Follow
Share

What were you noticing? Was your husband in denial during the early stage? Were there days when he seemed perfectly fine and other days when you noticed symptoms? Did he try to "cover up" his issues by trying really hard not to forget things, not to be nasty or combative, when he tried to focus and concentrate? Was he able to continue lifelong hobbies for a while, without too much trouble, even if other areas of his life were showing symptoms?

I have been noticing memory "blips" in my husband. Sometimes I am forgetful too and wonder if I am so tuned-into my mother's dementia that I am looking for issues where usually I would not? I wish there were tell tale signs. My husband had cancer treatments last year, and since then I noticed his memory is not as it used to be. Not sure if it is related to his treatments, but I worry when he has asked me twice when 9/11 happened and each time I answered 2001 and it did not seem to spark a memory with him. When driving recently instead of going directly through an intersection, he turned right then made a U-turn to make another right onto the same road. He has also asked me the name of that stuff is that you use for your teeth and I answered "dental floss" and yep, that was the word he was searching for. All these things together scare me. Hope I am worrying for nothing, but I'll be keeping an eye on it.
Helpful Answer (2)
Reply to GingerMay
Report
Neile6 May 23, 2019
Hi GingerMay,
It sounds like you’re watching and wondering & that’s understandable. I wonder about myself when I can’t remember something!
Interestingly, my husband had intense radiation for cancer, then came down with PD the next year and dementia 4 years later. Makes me wonder?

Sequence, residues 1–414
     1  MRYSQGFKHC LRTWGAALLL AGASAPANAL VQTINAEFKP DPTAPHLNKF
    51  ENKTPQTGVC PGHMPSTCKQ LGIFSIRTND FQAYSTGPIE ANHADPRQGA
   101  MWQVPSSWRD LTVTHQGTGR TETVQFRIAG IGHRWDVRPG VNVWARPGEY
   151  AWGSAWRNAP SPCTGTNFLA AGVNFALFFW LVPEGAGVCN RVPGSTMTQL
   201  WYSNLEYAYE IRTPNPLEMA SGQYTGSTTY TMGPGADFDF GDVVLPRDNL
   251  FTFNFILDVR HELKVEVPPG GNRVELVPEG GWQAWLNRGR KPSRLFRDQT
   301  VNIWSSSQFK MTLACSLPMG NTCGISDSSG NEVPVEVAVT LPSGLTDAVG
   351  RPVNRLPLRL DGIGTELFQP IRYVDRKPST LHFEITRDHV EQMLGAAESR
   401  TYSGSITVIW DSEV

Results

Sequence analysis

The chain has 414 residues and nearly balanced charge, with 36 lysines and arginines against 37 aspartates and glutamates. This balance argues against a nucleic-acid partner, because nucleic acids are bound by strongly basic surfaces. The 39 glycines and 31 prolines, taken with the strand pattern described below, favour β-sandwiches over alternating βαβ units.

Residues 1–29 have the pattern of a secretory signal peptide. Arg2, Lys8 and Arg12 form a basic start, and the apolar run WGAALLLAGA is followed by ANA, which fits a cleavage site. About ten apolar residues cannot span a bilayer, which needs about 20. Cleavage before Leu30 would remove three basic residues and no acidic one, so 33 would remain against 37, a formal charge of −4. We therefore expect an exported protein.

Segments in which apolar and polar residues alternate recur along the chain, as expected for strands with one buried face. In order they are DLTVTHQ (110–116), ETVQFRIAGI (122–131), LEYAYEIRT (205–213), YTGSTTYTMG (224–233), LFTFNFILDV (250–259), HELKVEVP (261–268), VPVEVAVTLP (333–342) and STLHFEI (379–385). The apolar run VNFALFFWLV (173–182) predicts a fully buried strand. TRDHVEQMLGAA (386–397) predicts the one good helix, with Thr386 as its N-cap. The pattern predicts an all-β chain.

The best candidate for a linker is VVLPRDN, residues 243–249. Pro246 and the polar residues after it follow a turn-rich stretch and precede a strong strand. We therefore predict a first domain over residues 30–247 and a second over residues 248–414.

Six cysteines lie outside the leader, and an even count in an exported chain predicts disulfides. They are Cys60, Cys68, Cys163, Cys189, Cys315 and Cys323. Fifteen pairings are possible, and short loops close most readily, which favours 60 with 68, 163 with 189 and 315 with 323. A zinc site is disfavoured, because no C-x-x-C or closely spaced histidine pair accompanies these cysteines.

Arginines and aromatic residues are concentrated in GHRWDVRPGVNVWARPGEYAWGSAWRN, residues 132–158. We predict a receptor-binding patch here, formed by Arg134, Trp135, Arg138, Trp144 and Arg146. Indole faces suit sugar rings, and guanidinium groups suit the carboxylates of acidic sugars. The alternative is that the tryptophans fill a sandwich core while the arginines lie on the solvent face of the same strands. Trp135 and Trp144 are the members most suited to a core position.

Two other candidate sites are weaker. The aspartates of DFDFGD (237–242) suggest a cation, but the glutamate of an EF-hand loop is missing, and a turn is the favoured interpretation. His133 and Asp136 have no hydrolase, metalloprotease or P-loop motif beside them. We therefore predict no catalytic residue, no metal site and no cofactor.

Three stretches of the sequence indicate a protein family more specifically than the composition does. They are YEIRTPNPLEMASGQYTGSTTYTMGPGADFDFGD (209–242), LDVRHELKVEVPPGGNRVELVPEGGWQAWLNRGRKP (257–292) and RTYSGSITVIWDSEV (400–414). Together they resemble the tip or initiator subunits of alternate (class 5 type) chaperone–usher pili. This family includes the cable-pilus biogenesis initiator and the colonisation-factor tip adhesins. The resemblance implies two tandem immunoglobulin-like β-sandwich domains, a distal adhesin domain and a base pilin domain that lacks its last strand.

Sorry to hear of your moms dementia.
(2)
Report
See 1 more reply
Monica,
I’m sorry. I hear you about the blame. Early signs: if I asked, “ has anyone seen my purse?” He would quickly respond, “ see, you forget, too!”
When you mentioned your husband backing into his car, I recalled my husband starting the car & putting it into reverse WITH THE GARAGE DOOR DOWN!! He acted like it was no big deal. Like I was crazy to tell him you never start a car with the garage door down.
Its so hard and I’m sorry.
There are a myriad of emotions we go through as caregivers.
My husbands young; I call him my border collie. Never sitting down, always busy working on the job or around the house. Now he follows me around 24/7. I see my attitude IS the tone of the house. He watches my face and my tone, to know how his world is going. I try to speak softly,(I fail) not argue or debate and smile more... even though I’m sad, scared and miss my guy.
I have friends who call and we laugh, cry and pray together. That really helps.
Hugs to you Monica.
Helpful Answer (3)
Reply to Neile6
Report
Monica19815 May 22, 2019
Thank you for the hugs...I truly appreciate that. Your husband sounds a LOT like mine. Right down to "see...you forget, too!" My husband just today admitted he feels himself declining but I do not believe he is thinking dementia...he says once he gets a diagnosis he will get himself "fixed up." Today we drove the dogs to a trail we go to a lot. My husband knows the roads around our county and the county west of us like the back of his hand. But he got lost today...."mixed up" he called it. I did not get upset or frustrated with him...I simply suggested turns to get us to where we were going...and we got there. We were hoping that this was being caused by low vitamin B12 and/or D and, although he is at the low end of normal, his doctor messaged me today and said he did not believe a vitamin deficiency is what is causing his symptoms. We will comfirm that with his endocrinologist next week. So we wait for a neurology appointment. I am sad to see my husband slipping away, as you also stated that you miss your guy. And I completely understand your being scared. I am so happy you have friends to talk with! I am sure that helps so much. My husband has asked that we not tell anyone until he knows for sure what is wrong so, for now, I honor his request. I do have a counselor who is great so I can talk with him. And you and everyone on this site have been a huge comfort and help. Thank you...and hugs back!